For most horses that don’t undergo a lot of stress, maintaining a reasonably healthy and stable microbial population is not a problem. However, horses under stress—like endurance horses, race horses, horses making a drastic change from one ration to another, transported, dehydrated, nervous or breeding animals—may undergo internal changes which can temporarily make the cecal environment less than ideal. As a result, a die-off may occur. Sometimes the die-off is equal among species, sometimes it can affect some species much more than others.
Here’s an example of how a chain reaction can cause major problems—let’s say you have a horse that normally never gets more than a pound or so of grain, and his microbial population has adapted and stabilized itself to a roughage diet. The horse gets loose one night and evil creature, tears open a bag of grain and gobbles up a great big feast of it. The grain hits the small intestine, some of the soluble carbohydrates are absorbed directly, but alot of the grain keeps going undigested and lands in the cecum. Some species of bug, primarily the Lactobacillus species, like this kind of food better than anything else and they go nuts. As they digest the grain, they excrete the volatile fatty acid lactic acid (this is where the name Lactobacillus came from) into the cecal and large colon. Being bacteria, they multiply like mad (and very quickly) to take advantage of this largesse. The population of this type of bug explodes, which in turn release more and more lactic acid, so the pH of the environment begins to drop (become more acidic). The pH drops below what some of the OTHER species of bug can tolerate and so they begin to die.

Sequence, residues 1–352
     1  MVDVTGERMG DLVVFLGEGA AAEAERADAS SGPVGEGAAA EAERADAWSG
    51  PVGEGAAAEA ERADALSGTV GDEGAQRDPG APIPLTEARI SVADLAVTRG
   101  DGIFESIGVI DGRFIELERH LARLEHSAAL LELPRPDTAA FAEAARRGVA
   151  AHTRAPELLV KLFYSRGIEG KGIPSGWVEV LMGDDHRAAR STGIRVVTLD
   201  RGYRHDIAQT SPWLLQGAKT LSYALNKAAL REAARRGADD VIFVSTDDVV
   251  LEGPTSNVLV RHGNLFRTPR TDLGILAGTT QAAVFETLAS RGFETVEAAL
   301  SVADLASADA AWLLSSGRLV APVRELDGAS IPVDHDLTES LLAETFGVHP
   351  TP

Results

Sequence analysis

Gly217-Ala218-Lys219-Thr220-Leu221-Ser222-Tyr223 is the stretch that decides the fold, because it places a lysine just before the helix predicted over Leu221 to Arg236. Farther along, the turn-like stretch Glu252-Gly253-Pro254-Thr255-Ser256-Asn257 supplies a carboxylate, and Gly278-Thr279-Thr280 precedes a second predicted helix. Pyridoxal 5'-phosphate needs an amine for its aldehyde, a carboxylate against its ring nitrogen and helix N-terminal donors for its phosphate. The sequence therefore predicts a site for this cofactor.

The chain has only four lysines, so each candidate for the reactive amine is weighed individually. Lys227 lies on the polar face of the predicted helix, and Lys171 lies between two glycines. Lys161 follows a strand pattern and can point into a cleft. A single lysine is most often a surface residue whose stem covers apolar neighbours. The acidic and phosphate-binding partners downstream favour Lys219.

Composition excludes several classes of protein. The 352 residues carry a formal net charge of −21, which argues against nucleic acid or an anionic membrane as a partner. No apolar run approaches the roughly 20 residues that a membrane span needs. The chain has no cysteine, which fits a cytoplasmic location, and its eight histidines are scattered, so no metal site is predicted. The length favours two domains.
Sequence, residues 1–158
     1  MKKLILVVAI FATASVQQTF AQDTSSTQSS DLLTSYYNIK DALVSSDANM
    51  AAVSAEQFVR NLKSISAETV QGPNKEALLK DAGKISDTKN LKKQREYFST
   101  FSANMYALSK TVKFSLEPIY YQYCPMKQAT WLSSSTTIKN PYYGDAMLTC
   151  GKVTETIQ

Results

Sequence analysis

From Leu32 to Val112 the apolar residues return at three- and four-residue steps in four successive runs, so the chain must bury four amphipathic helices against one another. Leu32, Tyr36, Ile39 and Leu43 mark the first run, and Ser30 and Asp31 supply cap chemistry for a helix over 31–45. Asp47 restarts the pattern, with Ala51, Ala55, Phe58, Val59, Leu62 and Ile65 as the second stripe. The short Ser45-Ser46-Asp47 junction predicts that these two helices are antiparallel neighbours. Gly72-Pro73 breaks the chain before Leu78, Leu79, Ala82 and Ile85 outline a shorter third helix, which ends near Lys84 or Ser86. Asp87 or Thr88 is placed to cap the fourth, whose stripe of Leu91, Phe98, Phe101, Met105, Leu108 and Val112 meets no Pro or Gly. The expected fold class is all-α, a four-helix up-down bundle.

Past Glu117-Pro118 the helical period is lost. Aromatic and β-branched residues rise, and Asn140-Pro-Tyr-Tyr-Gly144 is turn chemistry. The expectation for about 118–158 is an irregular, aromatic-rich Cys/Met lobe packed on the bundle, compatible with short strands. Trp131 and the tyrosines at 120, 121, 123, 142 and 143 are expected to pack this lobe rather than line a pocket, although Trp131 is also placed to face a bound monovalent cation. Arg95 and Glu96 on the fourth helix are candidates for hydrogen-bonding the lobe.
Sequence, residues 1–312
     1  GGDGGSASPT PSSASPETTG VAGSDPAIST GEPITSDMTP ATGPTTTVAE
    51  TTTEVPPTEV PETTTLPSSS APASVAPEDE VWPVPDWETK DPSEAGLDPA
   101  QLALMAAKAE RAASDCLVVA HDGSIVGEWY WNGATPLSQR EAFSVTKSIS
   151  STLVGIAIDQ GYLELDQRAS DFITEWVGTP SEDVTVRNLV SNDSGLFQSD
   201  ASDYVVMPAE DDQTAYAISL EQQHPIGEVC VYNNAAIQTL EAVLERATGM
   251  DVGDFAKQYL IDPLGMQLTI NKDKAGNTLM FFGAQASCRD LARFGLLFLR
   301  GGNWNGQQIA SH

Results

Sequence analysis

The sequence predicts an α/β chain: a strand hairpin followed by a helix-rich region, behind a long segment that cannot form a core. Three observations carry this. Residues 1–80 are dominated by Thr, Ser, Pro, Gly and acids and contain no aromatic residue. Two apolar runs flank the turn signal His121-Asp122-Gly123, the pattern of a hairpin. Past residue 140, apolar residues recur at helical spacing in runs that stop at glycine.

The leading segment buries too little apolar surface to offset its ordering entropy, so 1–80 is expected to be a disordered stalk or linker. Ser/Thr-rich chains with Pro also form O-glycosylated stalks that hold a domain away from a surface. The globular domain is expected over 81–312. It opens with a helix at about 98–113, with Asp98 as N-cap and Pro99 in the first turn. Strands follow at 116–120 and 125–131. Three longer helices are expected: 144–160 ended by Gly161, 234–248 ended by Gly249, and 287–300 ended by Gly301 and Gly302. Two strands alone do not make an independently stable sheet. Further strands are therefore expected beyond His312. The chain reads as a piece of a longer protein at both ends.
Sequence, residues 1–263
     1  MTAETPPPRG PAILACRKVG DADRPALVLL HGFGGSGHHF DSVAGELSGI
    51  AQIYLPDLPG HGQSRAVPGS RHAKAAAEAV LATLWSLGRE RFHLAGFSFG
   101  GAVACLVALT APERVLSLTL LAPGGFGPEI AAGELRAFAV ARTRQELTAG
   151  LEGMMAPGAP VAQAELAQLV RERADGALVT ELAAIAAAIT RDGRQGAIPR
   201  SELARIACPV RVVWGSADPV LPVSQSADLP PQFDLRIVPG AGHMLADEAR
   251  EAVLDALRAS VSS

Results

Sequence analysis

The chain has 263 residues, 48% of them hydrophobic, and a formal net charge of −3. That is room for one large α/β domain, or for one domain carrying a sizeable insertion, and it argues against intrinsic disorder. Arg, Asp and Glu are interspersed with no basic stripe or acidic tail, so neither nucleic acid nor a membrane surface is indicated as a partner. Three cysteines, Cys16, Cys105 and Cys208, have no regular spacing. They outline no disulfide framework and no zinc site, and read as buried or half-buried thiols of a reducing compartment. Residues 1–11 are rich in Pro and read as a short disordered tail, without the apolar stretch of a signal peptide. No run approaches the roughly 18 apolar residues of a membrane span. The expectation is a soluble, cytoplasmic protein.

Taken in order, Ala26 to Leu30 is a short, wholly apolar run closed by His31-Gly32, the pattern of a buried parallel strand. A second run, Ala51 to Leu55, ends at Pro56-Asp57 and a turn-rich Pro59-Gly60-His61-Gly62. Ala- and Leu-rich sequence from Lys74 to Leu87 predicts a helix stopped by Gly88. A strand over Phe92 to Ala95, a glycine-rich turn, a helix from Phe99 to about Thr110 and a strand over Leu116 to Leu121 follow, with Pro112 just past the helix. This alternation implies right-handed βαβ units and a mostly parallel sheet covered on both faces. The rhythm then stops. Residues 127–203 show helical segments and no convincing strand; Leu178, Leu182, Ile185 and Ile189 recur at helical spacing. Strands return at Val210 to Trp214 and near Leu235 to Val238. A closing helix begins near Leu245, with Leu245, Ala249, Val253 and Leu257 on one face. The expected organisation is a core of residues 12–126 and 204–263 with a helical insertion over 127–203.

So now you have several effects going on—one, you have an unbalanced microbial population, so overall efficiency is upset. Two, as some species of bug (such as Clostridia species) die, they release a substance called an endotoxin (“poison from inside”). The intestinal mucosa attempts to absorb and metabolize this toxin, but is damaged itself by the toxin. The toxin that is absorbed into the bloodstream can then cause all sorts of very nasty problems, including laminitis. All from just upsetting the microbial population. All sorts of stress can also create microbial upset to one extent or another, though usually not to this extreme.